I have held on to this lesson. Train your weaknesses, play to your strengths and learn to visualize yourself being successful. The rest takes care of itself.

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Escaping the “But” Cycle

On Wednesday mornings I go to Coach Joan‘s Career Café; it is a supportive place where I gain insights into my own behaviors and how they are either aiding or slowing my job search. Like many who work with people I am far more adept at helping other folk to create change in their life than I am at taking a good hard look at myself so I appreciate this opportunity to reflect on my stuff in a “safe place”.

Today though I had an opportunity to pass on a little insight in a digestible way – that is after all what I do. I was listening to the conversations around the table and there was a general air of defensiveness. How do I qualify this? In one word, “but”.

As a job seeker I am guilty as charged. That little, three letter word sneaks into my conversation and literally smacks people around the head saying, “run away, unless you want an unhealthy dose of negativity.” I do not know of many other words that are quite as destructive and certainly if you are in an interview situation it is wise to think about it’s impact.

What I asked the group to do is an old improv game and I encourage you to find a few friends and do the same.

Have someone start with a short statement, ours was “Oprah is the best talk show host”. Now, in round robin order people follow on from the previous statement starting with the words “yes… but”. It is important to keep this quick fire. After a few minutes adapt the game with each person now starting with “yes… and”.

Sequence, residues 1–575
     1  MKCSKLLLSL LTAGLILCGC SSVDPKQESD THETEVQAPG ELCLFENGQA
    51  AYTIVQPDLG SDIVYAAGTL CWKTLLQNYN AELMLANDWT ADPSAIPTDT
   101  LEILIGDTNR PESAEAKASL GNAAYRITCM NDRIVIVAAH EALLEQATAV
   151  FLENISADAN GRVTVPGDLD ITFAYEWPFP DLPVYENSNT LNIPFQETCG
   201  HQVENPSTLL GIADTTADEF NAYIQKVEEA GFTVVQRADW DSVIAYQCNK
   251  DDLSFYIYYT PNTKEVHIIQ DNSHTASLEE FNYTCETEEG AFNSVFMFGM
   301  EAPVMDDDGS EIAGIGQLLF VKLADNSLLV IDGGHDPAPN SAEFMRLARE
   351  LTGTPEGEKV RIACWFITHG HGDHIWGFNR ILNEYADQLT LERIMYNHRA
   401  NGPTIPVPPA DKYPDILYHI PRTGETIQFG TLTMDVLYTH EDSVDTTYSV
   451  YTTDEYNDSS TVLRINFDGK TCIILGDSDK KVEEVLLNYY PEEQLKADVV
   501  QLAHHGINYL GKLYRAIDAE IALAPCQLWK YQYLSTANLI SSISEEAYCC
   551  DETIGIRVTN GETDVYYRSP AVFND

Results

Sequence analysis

Do you notice that the energy levels go up in the group when the word “but” is replaced by “and”? Why is this? Does it happen in other situations? Why does it happen and how can we use this information in our daily dealings with people?

If you need more convincing go into an elementary school yard and watch the younger children play.

“I am going to be a spaceman.” “Yes and I am going to be a scuba diver.” Look how the kids interact with each other and the energy they create.

Everyone left the café laughing today and they left thinking and they will change their behavior and they will benefit from it.

Games rule, “buts” stink.

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Making Lemonade From Lemons

A few years ago my wife Kimberly taught me a good lesson. I was lopping some trees in our yard to make a swing for Cai. Kimberly advised me against cutting a particular limb the way I was and following perfectly felling the previous one I ignored her. Inevitably she was right and the weight of the tree took out the railing of our deck. I was distraught; firstly because I was seeing dollars fleeing the confines of my wallet and secondly my pride had suffered a blow far more substantial than any I had delivered to the tree.

Kimberly calmly suggested we make lemonade out of lemons and consequently with a little ingenuity Cai not only gained a swing he was also soon master of a frigate with rigging up to the ship’s wheel and a slide to leave the deck.

This year has been an interesting one. Following leaving my job and Alaska (where we were somewhat sheltered from the economy) in the summer I have been surprised to find that gaining a new job is not as simple as I initially thought. Over the holiday season we did not have the expendable income we once had and the potential for the festive season to not be quite so merry has been a very real threat. The solution (for me) has been to acquire the keys to the woodwork shop at Cai’s school and some wood from Habitat for Humanity. Cai is now the proud owner of a castle and Kim, well she was awarded a wooden spoon. The thing is that both these presents are probably some of the best I have given, the love and energy that went into them far exceeded the last minute gift I might have bought if I was working 60 or more hours a week. Also, I was able to take Cai into the shop and he helped carve Kim’s spoon. Watching a piece of old dirty wood turn into something beautiful as he uncovered the layers was a wonderful metaphor that was not lost on him.

So some of the things I have gained form not working is spending a lot of quality time with Cai; we walk, bike and go to the museum together. We have become more frugal and thoughtful with our resources. We have come to appreciate the little things a lot more and we plan things out as a family more consistently.

These may be tough times and there may be lots of lemons but the real question is what is your lemonade?